York, NY – After a recent jet ski accident that led to the tragic death of a
Queens father and son, U.S. Senator Kirsten Gillibrand and State Senator Joe
Addabbo (D-Howard Beach) helped expedite the visa process allowing close
relatives abroad to arrive in New York in time for the funeral. The sisters of
the deceased father will reunite with their Queens family early tomorrow
morning – hours before the somber ceremony.
Gillibrand said, “During these difficult moments, it’s important for families
to gather with their loved ones. I am relieved that Lilouttie and Bhagmattie
are able to join their family and friends here at home as they grieve from the
loss of their brother and nephew. Our deepest condolences go out to the Gopaul
family. They are in our prayers.”
Senator Addabbo said, “In addressing this unfortunate family issue, I was
grateful to successfully work with Sen. Gillibrand’s office to assist our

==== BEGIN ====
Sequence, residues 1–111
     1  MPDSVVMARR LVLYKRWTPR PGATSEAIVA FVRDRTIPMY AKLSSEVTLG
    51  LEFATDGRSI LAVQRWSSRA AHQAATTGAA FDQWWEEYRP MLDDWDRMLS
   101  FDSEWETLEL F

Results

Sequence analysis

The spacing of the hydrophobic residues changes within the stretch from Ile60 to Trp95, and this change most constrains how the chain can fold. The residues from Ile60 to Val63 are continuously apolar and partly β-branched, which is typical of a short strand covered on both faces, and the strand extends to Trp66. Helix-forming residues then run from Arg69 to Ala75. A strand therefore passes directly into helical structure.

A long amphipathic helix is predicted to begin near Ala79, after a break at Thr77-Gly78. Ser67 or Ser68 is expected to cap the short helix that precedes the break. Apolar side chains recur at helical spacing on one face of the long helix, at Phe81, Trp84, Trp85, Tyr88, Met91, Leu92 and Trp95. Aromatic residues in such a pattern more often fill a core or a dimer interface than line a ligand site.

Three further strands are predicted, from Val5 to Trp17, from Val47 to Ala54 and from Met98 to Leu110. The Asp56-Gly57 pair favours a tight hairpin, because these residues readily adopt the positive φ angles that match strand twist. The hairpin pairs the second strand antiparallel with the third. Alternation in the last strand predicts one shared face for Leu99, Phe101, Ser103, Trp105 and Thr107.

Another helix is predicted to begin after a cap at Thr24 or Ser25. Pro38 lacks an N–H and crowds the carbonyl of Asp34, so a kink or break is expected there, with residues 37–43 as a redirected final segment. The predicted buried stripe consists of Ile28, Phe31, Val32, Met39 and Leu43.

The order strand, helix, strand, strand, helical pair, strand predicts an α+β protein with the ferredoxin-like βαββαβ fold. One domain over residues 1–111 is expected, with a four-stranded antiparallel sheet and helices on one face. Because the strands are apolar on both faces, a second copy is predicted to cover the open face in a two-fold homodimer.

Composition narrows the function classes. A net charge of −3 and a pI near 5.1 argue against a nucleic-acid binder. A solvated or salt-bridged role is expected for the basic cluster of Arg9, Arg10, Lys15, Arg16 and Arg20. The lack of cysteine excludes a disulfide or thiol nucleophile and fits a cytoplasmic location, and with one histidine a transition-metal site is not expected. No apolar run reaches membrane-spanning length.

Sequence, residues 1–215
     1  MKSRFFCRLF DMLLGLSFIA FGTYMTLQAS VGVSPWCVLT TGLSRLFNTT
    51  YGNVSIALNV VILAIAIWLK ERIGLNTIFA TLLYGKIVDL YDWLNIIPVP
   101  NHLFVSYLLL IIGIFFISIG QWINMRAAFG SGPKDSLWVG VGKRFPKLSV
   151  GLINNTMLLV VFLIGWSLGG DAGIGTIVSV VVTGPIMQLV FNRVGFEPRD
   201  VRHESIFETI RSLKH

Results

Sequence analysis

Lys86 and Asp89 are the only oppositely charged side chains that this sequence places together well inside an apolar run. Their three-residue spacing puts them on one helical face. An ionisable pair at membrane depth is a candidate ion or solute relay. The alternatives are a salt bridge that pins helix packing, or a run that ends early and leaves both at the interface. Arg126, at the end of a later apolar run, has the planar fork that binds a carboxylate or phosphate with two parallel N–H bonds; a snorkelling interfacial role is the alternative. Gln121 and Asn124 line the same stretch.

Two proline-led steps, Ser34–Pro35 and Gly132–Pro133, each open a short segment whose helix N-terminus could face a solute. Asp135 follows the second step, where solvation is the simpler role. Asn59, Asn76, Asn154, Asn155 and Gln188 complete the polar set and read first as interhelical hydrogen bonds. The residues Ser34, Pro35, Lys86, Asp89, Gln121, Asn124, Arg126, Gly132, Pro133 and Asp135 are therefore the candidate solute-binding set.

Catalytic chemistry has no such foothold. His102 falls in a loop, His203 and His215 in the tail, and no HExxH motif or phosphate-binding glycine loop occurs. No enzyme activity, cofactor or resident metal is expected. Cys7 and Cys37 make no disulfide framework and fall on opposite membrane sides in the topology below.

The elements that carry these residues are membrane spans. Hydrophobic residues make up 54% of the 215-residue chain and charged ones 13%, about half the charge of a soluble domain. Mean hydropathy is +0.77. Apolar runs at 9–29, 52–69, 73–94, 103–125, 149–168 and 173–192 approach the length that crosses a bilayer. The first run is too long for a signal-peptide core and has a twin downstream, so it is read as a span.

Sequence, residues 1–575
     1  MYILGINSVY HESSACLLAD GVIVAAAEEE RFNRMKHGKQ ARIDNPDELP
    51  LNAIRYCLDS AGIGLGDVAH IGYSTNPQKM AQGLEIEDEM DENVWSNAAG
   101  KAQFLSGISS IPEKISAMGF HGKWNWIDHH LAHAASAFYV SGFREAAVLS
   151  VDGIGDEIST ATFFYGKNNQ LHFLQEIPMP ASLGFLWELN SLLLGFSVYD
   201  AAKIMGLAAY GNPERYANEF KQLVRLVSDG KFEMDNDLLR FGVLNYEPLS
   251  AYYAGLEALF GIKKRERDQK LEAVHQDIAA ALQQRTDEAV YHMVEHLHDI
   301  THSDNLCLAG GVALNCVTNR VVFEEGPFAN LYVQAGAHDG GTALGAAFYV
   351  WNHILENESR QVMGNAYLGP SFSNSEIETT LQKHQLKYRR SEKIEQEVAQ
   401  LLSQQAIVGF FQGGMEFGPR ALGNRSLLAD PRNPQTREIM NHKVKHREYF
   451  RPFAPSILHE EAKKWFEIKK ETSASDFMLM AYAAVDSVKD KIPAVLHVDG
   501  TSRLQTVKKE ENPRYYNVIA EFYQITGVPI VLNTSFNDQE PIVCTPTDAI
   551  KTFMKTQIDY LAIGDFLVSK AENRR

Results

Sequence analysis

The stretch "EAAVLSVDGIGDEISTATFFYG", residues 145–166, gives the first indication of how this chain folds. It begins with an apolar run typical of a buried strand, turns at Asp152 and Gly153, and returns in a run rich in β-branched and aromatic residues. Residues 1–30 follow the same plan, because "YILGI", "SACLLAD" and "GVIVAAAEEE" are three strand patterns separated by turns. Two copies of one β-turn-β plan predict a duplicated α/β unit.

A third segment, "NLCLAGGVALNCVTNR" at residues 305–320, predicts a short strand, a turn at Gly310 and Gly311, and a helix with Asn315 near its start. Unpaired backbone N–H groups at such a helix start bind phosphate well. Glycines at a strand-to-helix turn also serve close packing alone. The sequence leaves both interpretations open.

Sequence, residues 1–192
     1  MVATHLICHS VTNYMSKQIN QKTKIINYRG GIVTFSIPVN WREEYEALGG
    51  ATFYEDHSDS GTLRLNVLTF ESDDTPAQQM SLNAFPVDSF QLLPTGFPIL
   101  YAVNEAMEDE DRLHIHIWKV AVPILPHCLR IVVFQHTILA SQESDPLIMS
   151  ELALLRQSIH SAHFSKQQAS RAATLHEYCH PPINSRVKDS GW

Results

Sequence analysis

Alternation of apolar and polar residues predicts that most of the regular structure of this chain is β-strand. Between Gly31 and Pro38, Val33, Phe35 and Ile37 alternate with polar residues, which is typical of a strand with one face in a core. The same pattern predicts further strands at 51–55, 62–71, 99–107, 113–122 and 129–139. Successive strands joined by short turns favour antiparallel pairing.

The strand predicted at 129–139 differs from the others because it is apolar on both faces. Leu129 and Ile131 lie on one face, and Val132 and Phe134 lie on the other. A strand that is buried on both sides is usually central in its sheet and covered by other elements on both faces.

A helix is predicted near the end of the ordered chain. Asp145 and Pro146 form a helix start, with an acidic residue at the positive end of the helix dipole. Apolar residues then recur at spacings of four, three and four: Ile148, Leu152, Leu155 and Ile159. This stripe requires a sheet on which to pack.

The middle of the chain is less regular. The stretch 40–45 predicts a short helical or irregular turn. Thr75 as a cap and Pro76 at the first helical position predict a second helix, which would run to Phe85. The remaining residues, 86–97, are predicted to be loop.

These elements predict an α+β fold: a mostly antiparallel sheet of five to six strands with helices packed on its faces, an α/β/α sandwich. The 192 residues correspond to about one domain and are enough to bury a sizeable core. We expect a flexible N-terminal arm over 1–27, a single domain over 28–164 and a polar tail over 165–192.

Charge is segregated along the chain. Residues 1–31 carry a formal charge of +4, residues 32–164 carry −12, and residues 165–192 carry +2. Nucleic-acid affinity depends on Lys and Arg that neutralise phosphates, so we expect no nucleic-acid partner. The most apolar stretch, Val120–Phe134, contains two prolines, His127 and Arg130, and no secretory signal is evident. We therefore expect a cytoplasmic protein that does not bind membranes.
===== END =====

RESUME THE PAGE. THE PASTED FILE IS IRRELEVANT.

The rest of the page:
constituent through their difficult time.”
Gopaul, one of the two sisters traveling from Guyana to New York, said, “The
entire Gopaul family thanks Senator Gillibrand and State Senator Addabbo. It’s been
more than a decade since I’ve visited my family and it means so much that I
will be present for the funeral of my brother and nephew. Our hearts are filled
with gratitude for making the impossible possible.”
Saturday, Queens resident Roopnarine Gopaul, 42, and his 5 year-old son
Christopher Gopaul, died after losing control of a jet ski and colliding into a
dock in Lawrence, Long Island.
after the accident, two of Mr. Gopaul’s sisters, Lilouttie and Bhagmattie
Gopaul, unsuccessfully tried to secure an interview with the U.S. Embassy in
Guyana in time for tomorrow’s funeral to be held in Jamaica, Queens. The
interview process is a required step in order to obtain a visa to travel to the
United States. Without an expedited interview, the Guyanese sisters would have
missed the important ceremony.
Gopaul’s third sister, Sandra Singh of Richmond Hill, Queens, reached out to
State Senator Joe Addabbo (D-Howard Beach) for help earlier this week who then worked
with Sen. Gillibrand’s office to intervene. The Senator’s office immediately
urged the U.S. Embassy in Georgetown, Guyana to fast track the interview
process. The Embassy agreed to an appointment with the sisters this morning and
approved their emergency visas.
Gopaul, who immigrated to the United States two decades ago, worked as a
truck-driver and was an active member of his community.